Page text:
TIME Veronica Mars

The Veronica Mars Movie, and the Trouble With Getting What You Want

Veronica Mars
Kristen Bell as Veronica Mars in "Veronica Mars." Robert Voets—2014 Warner Bros. Entertainment

Kickstarter supporters made the impossible happen. But the need to turn back time to please them kept the movie from being as good as the series was.

Significant spoilers for Veronica Mars, the movie, follow. You have been warned!

At one point during the Kickstartered revival movie Veronica Mars, our heroine tells her dad, sheriff turned private eye Keith, that he’s “the George Bailey” of Neptune, California. It becomes clear pretty soon that Veronica herself is the George Bailey of Neptune, and that her own private Bedford Falls won’t let her go. By movie’s end, she’s given up New York City, given up her law career, given up poor Piz, and accepted the destiny of defending the downtrodden in a town that would turn into Pottersville without her.

How you respond to this ending may depend in part on how you feel about the same development in It’s a Wonderful Life. I recognize that I may be in the minority here, both among Veronica Mars fans and Christmas-movie watchers: I must have seen It’s a Wonderful Life a couple dozen times at this point, and I never fail to wish against all reason that George would get in that cab, shake off the clingy neighbors trying to suck away his dreams of seeing the world, and never look back. So the fact that I had that same feeling at the end of Veronica Mars may say something about me as much as the movie.

That’s not to say I didn’t like the movie. It was great to see the cast, as Veronica put it with characteristic self-awareness, “falling right back into our old rhythms”; I loved the familiar-yet-mature rapport between Veronica and Keith. But there was a difference between how I felt while watching the movie and how I felt after having watched it. The ending nagged at me, not so much because of any choice Veronica made–though again, poor Piz!–but because it felt like the need of the project to continue the story and keep it going in the future finally overruled any natural growth on the part of the characters.

When we left Veronica and her friends, they were post-adolescents, not long out of high school. The movie picks up almost a decade later–a decade during which people do a lot of changing. If you took the story of anyone’s life from around age 20 to around age 30–Veronica’s, mine, yours–you would find a much-changed person at the end of it. Veronica Mars did, in a way: it set up a premise in which Veronica had changed considerably over the course of nine years just in time for us to see her change back for us.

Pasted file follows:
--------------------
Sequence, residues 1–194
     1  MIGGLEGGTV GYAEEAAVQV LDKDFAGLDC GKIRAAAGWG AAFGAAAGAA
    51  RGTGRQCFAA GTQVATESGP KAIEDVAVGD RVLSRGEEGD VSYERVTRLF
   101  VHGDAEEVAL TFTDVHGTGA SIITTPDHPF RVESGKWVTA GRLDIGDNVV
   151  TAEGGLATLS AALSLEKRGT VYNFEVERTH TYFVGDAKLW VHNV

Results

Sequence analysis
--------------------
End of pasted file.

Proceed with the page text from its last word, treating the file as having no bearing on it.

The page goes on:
It’s tricky, because in many ways the movie ably handled the theme of changing vs. accepting your fate, informed in a meta way by the awareness that this was a movie enabled by fans who had been deprived of more stories from Veronica’s youth when the show was cancelled. It was, for most of its run, a funny but bittersweet story about a woman who had a tough history going home again to confront her past one more time. But in its ending, with Veronica deciding that she was “addicted” to Neptune and to solving its problems, it felt more like a story engineered to return her to her past, presumably in the name of making possible future movies (or at least future Veronica Mars books, which are planned whether the movie franchise continues or not). It was the difference between going back for a ten-year high school reunion and, well, going back to high school. And it felt less like something Veronica needed to do than something we–who Kickstarted and supported the movie–needed her to do, to make up for the time we lost.

I don’t think the movie had to be this way. Another recent TV revival, Arrested Development, also brought back beloved characters from a beloved show, but–ironically, given its name–it recognized that the passing of time meant that the characters, and thus the show, needed to be a little different. It was not just structurally different, but darker, sadder (while still funny). It may not have pleased everyone–it couldn’t–but it accepted that it had to be a different story than it had been seven years ago.

Now, it’s easier to evolve the characters and tone of a show like Arrested Development while still keeping the cast and the premise, because it’s a story about family. True enough. But to work in the end, rather than just please people in the moment, a story needs to let its characters grow, even if that means letting some stories end for good. I’m still glad we got a Veronica Mars movie. But having had some time to think about it–I wish it gave us a little less arrested development.